I'm delighted to have my friend Patti Lacy join us today. Her latest book, What the Bayou Saw, released earlier this summer. I invited her to join us today.
Patti, What the Bayou Saw is your latest book. Where did the “What if” for this book come from?
Wow, Cara, what a great question! Kinda reminds me of the title of the New York Times bestseller What is the What (a must read, by the way!
Sheila Flanagan, assistant director of the Museum of Mobile, broke my heart when she shared one of her first memories. In the 60s, segregation and a chain link fence had separated Sheila from her friend, another twelve-year-old girl. For seven years, the two friends stuck toys through the spaces in the fence in an attempt to play. I loved the image of those two hands, one light, one dark, and their determination to find community despite of society’s twisted views. A “gotta write this one” thought grabbed my brain and wouldn’t let go!
Sally was a key character in An Irishwoman’s Tale. Did you know when you wrote that book, that she would demand her own story?
Cara, you make me laugh. It’s one of the few things I DID know when I started out writing! Originally, Sally’s and Mary’s stories tangled together like an old ball of yarn. My poor brother, numero uno editor, battled a desire to toss the whole mess in the trash. Somehow tact prevailed and he helped me separate out the two novels.
The setting for this book is very different from your first book. How did you select it?
I originally wanted to set the story in Mobile, Sheila’s home, but since we’d only lived in Mobile for one year, I turned to Monroe, Louisiana, a town where I attended elementary, junior, and senior high schools.
Normal, Illinois, was a logical choice since we Lacys live here!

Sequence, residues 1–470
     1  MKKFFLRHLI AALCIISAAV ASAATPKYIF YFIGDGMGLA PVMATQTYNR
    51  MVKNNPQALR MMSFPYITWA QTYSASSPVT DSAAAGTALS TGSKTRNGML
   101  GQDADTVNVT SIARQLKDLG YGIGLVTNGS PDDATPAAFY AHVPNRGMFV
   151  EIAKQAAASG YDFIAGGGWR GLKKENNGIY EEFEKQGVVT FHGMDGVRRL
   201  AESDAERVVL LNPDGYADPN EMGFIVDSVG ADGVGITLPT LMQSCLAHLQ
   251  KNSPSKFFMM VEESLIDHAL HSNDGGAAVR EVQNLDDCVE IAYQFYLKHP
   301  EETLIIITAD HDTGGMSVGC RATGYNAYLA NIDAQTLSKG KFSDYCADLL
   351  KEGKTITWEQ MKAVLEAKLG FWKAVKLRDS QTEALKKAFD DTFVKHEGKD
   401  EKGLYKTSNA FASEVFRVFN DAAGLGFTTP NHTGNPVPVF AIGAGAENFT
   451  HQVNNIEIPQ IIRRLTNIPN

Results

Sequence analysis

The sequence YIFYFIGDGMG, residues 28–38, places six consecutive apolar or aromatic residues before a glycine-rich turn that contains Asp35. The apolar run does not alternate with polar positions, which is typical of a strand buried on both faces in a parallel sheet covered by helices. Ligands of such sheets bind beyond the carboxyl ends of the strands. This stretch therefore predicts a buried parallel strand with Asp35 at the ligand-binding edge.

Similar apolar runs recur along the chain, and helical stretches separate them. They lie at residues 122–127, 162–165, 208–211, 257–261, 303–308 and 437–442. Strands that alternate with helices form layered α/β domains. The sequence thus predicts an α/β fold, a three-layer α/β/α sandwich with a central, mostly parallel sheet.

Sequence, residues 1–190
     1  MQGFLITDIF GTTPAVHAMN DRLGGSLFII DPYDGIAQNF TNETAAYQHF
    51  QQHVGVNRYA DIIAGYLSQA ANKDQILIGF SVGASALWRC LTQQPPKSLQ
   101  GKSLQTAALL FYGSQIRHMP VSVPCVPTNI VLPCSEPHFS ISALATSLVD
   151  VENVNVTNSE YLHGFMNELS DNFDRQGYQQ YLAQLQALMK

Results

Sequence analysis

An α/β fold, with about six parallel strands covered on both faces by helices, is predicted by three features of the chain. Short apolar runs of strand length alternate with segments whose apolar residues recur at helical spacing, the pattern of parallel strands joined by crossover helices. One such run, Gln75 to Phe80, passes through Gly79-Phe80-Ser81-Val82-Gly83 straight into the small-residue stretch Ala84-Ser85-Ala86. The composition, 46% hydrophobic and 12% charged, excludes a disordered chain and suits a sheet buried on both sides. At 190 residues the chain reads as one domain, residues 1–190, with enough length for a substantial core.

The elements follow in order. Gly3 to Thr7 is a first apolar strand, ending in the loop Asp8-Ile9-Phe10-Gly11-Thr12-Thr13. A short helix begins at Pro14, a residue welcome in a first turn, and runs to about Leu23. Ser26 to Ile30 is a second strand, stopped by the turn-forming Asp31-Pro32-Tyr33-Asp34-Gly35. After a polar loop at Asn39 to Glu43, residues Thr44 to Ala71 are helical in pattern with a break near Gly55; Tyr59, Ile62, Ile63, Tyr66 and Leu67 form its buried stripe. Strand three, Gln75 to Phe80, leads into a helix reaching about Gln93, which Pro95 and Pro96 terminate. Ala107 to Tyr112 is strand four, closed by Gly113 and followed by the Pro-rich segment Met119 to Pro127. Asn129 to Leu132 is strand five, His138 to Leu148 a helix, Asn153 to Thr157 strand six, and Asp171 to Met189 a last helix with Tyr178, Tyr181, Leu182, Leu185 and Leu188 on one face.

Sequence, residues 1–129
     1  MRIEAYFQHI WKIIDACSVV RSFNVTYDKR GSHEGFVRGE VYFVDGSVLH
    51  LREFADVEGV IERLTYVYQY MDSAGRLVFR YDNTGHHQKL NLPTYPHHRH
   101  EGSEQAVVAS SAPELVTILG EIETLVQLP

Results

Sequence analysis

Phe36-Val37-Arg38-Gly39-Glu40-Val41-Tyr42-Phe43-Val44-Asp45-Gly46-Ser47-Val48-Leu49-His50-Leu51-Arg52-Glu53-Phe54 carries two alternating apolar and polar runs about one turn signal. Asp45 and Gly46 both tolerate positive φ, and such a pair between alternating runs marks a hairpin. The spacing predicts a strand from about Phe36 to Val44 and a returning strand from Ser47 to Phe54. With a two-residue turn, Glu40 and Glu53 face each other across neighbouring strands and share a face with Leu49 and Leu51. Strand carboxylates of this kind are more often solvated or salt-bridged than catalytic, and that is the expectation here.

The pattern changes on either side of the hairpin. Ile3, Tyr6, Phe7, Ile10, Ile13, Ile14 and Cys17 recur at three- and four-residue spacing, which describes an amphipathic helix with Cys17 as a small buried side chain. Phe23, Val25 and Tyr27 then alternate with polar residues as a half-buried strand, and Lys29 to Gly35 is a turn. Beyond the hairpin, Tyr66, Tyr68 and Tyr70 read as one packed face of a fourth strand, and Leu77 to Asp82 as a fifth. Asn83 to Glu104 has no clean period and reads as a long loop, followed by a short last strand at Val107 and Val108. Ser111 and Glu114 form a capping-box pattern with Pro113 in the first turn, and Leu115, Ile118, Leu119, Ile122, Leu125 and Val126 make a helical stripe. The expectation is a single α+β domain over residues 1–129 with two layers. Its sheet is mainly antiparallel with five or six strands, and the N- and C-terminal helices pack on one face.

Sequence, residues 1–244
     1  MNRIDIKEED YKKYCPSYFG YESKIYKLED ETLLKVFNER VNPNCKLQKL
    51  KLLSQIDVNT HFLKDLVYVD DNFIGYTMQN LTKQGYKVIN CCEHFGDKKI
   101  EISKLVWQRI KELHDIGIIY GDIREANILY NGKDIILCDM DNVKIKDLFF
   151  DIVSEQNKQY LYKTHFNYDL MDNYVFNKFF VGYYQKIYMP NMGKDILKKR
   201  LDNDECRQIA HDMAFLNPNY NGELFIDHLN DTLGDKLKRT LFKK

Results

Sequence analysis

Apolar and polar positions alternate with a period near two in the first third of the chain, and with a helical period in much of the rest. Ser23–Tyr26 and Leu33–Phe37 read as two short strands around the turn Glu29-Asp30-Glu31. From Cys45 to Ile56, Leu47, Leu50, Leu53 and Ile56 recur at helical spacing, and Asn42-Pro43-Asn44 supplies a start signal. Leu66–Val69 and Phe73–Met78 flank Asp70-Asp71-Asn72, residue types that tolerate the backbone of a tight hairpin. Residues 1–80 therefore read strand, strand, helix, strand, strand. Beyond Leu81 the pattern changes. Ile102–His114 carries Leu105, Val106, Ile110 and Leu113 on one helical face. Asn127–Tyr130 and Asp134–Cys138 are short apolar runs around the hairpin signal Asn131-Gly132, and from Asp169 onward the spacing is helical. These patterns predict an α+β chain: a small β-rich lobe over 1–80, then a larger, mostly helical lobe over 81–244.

In tribute to my beloved New Orleans, I wove Katrina and post-Katrina stories into the plot. May God bless the Crescent City during this troublesome time.
With each book, I try to push myself to improve over prior books. Was there an element you focused on for this book?
Oh, my, yes! Since An Irishwoman’s Tale was meant to reach those struggling with a wide range of mental health issues, I left the plot door a bit too wide open. In What the Bayou Saw, one goal was to provide closure—for at least one day—to my eclectic cast of characters. Then there’s the passive voice issue and the show-and-not-tell issue and the likeable protagonist issue…
Recently a friend who’s suffered a stroke begged me to read to her An Irishwoman’s Tale. (I had vowed never again to open the book’s gorgeous cover.) Oh, it has been a painful—and humbling—experience to see things you wish you’d known “then” so the book would be better written!
What do you hope readers discover as they read What the Bayou Saw?
That lying lips soil everything they touch. That God can use women who have endured sexual assault. That though racism still stains relationships in America, respectful dialogue can promote healing. Hopefully readers will gain insight about a Southerner’s venture north of the Mason-Dixon Line as well!
Thanks for your time, Cara, and for the chance to appear on your popular blog!
Thanks for joining us, Patti!
|What the Bayou Saw |
By Patti Lacy
When Sally Stevens left Louisiana, she buried the secrets of her childhood under a sunny smile and sugar-coated lies. But when one of her students is raped, Sally's memories bubble unbidden to the surface. As her carefully woven web of deceit unravels, will she be able to face the truth . . . whatever the consequences? 320 pages, softcover from Kregel.